As an online seller, from time to time you’ll get questions from buyers about sales tax. Online sales tax is still a bit of a wild west, and some customers will have certain expectations about the amount you charge them.
“Why did you charge me sales tax?” or “Why didn’t you charge me sales tax?”
As an online seller, you are only required to collect this amount from buyers in states where you have sales tax nexus. However, many buyers don’t quite understand this. Often, they think that they should only be charged if the address from where the product is shipped is in their state. They often don’t understand that you may have sales tax nexus in other states due to having other locations, employees, warehouses or other factors that mean you’re required to collect this tax in their state.
If a customer asks why they were charged, explain that your business has a nexus relationship with the buyer’s state and thus you are required to charge them this tax.
In the rare case that a customer questions why you didn’t charge them, you can simply tell them that you are not require by the laws of their state to collect it.
“I had a gift shipped to a friend in a different state. Why was I charged sales tax?”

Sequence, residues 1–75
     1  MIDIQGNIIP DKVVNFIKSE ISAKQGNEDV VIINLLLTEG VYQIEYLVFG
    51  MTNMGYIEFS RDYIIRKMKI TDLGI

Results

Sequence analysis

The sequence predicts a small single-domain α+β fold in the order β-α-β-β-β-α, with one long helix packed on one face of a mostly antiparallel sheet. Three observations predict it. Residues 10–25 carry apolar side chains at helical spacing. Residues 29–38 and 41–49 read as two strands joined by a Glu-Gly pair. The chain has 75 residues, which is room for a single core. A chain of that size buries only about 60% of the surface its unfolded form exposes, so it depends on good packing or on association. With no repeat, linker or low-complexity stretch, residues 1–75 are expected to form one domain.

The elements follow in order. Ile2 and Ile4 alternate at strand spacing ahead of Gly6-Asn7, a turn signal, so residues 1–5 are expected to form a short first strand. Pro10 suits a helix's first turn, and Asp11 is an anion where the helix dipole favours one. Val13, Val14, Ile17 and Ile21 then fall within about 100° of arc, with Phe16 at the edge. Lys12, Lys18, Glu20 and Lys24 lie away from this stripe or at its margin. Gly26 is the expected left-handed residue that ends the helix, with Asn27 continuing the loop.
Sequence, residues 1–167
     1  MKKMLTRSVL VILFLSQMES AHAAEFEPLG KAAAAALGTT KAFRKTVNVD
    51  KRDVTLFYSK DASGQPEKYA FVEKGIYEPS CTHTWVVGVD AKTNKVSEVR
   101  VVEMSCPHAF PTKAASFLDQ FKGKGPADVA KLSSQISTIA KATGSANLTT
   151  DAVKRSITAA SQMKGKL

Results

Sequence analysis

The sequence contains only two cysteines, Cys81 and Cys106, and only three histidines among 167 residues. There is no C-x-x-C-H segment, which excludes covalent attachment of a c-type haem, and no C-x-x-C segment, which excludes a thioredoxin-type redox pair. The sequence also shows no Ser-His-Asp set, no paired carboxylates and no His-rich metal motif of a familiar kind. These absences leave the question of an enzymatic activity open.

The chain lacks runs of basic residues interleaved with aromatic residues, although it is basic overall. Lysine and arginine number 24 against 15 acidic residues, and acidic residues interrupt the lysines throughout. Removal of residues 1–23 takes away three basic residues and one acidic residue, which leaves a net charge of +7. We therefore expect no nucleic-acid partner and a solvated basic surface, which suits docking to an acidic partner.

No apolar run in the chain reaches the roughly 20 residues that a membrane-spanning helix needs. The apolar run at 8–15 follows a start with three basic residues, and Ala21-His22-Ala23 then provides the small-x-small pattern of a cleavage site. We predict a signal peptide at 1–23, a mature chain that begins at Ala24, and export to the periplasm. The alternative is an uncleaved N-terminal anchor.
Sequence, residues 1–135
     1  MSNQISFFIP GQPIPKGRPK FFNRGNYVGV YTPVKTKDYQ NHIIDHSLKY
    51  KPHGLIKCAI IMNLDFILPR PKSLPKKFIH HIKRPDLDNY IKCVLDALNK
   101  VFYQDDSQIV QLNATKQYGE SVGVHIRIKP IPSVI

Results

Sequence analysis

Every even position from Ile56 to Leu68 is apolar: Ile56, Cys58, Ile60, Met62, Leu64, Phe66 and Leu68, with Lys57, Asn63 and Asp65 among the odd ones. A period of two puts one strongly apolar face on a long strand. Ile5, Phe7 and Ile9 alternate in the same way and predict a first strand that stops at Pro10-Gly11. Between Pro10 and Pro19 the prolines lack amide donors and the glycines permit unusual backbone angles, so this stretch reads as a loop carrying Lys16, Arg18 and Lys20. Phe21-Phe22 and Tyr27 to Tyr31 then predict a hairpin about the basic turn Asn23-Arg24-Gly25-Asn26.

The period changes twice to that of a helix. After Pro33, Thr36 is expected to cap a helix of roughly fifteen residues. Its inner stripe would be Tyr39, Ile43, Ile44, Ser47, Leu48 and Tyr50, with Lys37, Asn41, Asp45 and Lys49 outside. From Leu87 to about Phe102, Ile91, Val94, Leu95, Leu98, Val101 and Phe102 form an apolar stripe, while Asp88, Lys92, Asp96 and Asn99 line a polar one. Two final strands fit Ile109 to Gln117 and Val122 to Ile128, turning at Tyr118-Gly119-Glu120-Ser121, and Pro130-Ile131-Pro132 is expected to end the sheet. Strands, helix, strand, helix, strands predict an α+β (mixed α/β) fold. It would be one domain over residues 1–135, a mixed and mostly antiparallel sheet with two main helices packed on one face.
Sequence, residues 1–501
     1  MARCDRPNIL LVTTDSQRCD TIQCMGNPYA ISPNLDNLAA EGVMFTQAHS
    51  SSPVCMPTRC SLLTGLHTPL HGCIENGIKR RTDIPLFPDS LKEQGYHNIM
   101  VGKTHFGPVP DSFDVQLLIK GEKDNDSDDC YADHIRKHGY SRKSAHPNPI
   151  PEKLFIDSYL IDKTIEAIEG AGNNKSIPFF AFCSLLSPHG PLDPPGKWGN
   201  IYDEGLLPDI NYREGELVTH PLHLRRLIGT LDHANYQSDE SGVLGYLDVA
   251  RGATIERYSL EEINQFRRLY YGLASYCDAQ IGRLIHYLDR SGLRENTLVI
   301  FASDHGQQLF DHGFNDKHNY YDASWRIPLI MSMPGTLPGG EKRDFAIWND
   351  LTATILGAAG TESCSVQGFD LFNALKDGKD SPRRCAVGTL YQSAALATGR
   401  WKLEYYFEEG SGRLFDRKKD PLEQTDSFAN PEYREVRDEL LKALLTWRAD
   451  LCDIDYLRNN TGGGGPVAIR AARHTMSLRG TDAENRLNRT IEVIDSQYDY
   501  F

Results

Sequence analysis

Many customers don’t realize that when charging sales tax on an online order, the rate is based on the item’s “ship to” address. Maybe they are accustomed to buying from you tax free, but then have an item shipped to a state where you have a nexus and thus are required to charge the tax.
In this case, you can explain that, with eCommerce, the point of sale is considered to be the address where the item is shipped, and you have an obligation to collect it in the state where you shipped the product.
“You charged me a slightly different rate than I usually pay when I buy from a store in my town. Why?”
Most of the time, a customer would pay the same amount of sales tax when making a purchase online as she would when buying the same product at her local store. But in some states, like Texas, only sellers are only required to collect the rate at their business location. This is because Texas is an “origin-based” sales tax state.
Example: Trudy lives in Marathon, TX where the rate is 6.75%. When she buys something at her local store she pays the 6.25% sales tax on her purchases. But she makes an online purchase from Joe who lives in Irving, TX where the rate is 8.25%. Since Texas is an “origin-based” state, Joe would charge Trudy the 8.25% sales tax rate from his location in Irving. And in this case, Trudy would pay a bit more than she is accustomed to.
(Note: To make matters even more confusing, this is generally only applicable when the buyer and the seller are located in the same state. Click here to read a whole lot more about origin-based and destination-based sales tax collect for online sellers.)
If your customer asks why you collected more (or a different amount) than expected, you can explain that your state’s laws require you to collect the rate of combined state, county and other local sales tax at your business location.
For answers to more consumer questions, check out the Consumer’s Guide to Sales Tax. And feel free to send this to customers who have in-depth tax questions so you can get back to doing what you do best, running your eCommerce business!
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